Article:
Chris Mooney, in his blog related to this latest indicator, point to an important aspect of this study:
For instance, just 13 percent of the public now claims to follow science and technology news “very closely,” and this number has been on a downward trend for the past decade, ending with the current low. So while Americans may profess great admiration for science in the abstract, they hardly feel compelled to pay it much attention.
An overwhelming number of the public support science, but don't quite follow it. This shouldn't be surprising, and it certainly isn't to me. I wrote way back when about the need for scientists to be "Perky, Shallow, and Superficial" when explaining science to the public. And in it, I said this:
Now, what this means is that, while the public in general supports science, and scientific endeavors, they are doing it NOT because they are aware of what science is and what it does, but rather based on the PERCEIVED importance of science and technology. This is extremely important to keep in mind, because this implies that the support for science is built on an extremely shaky foundation. Such foundation can be easily eroded either via a mishap, or simply good "Public Relations" done by people against science.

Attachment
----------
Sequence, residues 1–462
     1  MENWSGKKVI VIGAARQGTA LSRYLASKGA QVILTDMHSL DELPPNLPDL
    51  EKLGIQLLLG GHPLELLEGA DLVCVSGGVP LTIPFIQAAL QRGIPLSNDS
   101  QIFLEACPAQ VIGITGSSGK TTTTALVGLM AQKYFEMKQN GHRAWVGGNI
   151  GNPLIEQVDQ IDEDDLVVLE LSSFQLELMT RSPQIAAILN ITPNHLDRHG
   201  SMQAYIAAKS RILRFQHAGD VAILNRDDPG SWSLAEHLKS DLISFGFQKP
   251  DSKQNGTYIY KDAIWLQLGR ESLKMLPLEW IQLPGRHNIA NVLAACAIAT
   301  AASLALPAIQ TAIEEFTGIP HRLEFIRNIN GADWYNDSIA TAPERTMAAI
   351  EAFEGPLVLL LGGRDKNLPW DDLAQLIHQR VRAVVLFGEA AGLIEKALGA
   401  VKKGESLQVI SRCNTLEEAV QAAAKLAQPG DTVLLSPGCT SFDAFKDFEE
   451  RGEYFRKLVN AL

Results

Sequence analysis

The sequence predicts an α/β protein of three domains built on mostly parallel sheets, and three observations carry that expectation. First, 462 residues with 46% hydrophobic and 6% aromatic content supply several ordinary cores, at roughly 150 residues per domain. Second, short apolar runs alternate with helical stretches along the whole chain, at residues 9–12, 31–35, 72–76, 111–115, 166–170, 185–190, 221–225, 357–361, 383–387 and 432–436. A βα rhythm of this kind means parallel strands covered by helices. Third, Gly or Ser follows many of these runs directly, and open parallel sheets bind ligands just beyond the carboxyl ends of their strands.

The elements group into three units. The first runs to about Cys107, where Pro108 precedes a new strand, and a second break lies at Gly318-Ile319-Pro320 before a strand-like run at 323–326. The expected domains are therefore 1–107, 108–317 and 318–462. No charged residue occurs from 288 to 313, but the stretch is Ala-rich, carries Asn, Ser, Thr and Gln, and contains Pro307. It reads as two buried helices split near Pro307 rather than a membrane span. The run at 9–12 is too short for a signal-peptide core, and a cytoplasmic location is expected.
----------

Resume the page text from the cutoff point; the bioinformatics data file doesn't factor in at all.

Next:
As scientists, we cannot forget this, because it explains the fickleness in the support that we get. That overwhelming support that is there one day can easily go away the next day, and not because of some scientific evidence, but possibly because someone else has better bells and whistles.